Br J Nutr. 2015 Apr 16:1-9. [Epub ahead of print]
Smith EM1, Alvarez JA2, Martin GS3, Zughaier SM4, Ziegler TR1, Tangpricha V1.
1Nutrition and Health Sciences Program, Graduate Division of Biological and Biomedical Sciences, Laney Graduate School, Emory University,1462 Clifton Road, Suite 314,Atlanta,GA30322,USA.
2Division of Endocrinology, Metabolism and Lipids, Department of Medicine, Emory University School of Medicine,Mailstop 1930-001-1AA,Atlanta,GA30322,USA.
3Division of Pulmonary, Allergy and Critical Care, Department of Medicine, Emory University School of Medicine,Mailstop 1490-001-1AA,Atlanta,GA30322,USA.
4Department of Microbiology and Immunology, Department of Medicine,Emory University School of Medicine,Mailstop 4900-001-1AA,Atlanta,GA30322,USA.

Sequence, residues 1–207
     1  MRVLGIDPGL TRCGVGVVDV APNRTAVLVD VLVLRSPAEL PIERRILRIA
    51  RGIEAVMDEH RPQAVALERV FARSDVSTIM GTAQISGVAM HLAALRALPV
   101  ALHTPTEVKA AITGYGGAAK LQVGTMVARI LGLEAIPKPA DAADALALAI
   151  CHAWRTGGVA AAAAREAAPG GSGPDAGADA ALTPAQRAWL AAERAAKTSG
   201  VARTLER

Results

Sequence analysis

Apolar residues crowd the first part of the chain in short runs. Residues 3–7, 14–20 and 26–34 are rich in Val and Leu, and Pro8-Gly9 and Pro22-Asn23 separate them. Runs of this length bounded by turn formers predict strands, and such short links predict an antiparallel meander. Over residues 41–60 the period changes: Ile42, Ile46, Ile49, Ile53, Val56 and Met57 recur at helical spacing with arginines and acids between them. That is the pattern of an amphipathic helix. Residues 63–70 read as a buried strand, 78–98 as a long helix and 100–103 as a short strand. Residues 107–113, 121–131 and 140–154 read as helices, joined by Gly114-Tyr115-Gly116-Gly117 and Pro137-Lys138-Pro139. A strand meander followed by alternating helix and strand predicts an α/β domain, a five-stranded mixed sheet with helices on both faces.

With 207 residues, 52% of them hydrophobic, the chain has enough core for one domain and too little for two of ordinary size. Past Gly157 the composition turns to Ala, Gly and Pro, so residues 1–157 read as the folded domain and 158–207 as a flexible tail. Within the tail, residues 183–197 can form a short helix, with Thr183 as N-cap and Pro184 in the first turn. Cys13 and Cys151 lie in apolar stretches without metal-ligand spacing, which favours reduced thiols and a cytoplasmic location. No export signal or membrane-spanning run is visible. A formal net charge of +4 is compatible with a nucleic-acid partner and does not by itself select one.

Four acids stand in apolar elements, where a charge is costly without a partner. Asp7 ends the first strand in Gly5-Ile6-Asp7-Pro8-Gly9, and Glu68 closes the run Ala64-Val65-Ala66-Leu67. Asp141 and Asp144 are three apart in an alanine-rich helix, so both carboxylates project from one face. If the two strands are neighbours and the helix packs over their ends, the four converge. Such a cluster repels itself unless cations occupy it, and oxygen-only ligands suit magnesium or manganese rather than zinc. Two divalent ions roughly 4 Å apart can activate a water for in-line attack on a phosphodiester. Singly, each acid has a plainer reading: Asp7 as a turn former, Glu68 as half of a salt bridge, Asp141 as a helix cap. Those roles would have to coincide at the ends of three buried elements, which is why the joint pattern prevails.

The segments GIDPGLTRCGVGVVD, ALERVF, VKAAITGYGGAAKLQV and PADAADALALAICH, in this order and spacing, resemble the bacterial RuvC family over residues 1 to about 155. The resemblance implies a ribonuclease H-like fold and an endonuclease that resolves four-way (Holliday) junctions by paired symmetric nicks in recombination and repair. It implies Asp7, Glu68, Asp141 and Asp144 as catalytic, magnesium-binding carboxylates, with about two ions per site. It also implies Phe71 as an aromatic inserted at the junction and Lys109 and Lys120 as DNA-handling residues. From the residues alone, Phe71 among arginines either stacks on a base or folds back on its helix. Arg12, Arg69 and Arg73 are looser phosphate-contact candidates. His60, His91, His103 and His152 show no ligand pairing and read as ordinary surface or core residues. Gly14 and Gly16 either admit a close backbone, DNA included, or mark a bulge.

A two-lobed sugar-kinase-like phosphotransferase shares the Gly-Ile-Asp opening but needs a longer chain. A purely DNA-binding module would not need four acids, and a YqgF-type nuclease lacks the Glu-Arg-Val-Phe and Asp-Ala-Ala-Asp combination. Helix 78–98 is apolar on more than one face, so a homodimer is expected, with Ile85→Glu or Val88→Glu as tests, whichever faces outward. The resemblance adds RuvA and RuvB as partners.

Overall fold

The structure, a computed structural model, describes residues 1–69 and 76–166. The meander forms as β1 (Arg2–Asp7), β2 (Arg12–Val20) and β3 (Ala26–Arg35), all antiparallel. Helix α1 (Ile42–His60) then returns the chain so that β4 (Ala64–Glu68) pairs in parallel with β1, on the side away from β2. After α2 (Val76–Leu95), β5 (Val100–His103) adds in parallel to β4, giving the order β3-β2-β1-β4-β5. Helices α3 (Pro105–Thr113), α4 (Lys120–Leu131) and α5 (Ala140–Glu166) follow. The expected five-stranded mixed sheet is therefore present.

Vitamin D deficiency is highly prevalent in the US population and is associated with numerous diseases, including those characterised by inflammatory processes. We aimed to investigate the link between vitamin D status and anaemia, hypothesising that lower vitamin D status would be associated with increased odds of anaemia, particularly anaemia with inflammation. A secondary aim was to examine the effects of race in the association between vitamin D status and anaemia. We conducted a cross-sectional analysis in a cohort of generally healthy adults in Atlanta, GA (n 638). Logistic regression was used to evaluate the association between vitamin D status and anaemia. Serum 25-hydroxyvitamin D (25(OH)D) < 50 nmol/l (compared to 25(OH)D ≥ 50 nmol/l) was associated with anaemia in bivariate analysis (OR 2·64, 95 % CI 1·43, 4·86). There was significant effect modification by race (P= 0·003), such that blacks with 25(OH)D < 50 nmol/l had increased odds of anaemia (OR 6·42, 95 % CI 1·88, 21·99), v. blacks with 25(OH)D ≥ 50 nmol/l, controlling for potential confounders; this association was not apparent in whites. When categorised by subtype of anaemia, blacks with 25(OH)D < 50 nmol/l had significantly increased odds of anaemia with inflammation than blacks with serum 25(OH)D ≥ 50 nmol/l (OR 8·42, 95 % CI 1·96, 36·23); there was no association with anaemia without inflammation. In conclusion, serum 25(OH)D < 50 nmol/l was significantly associated with anaemia, particularly anaemia with inflammation, among blacks in a generally healthy adult US cohort.
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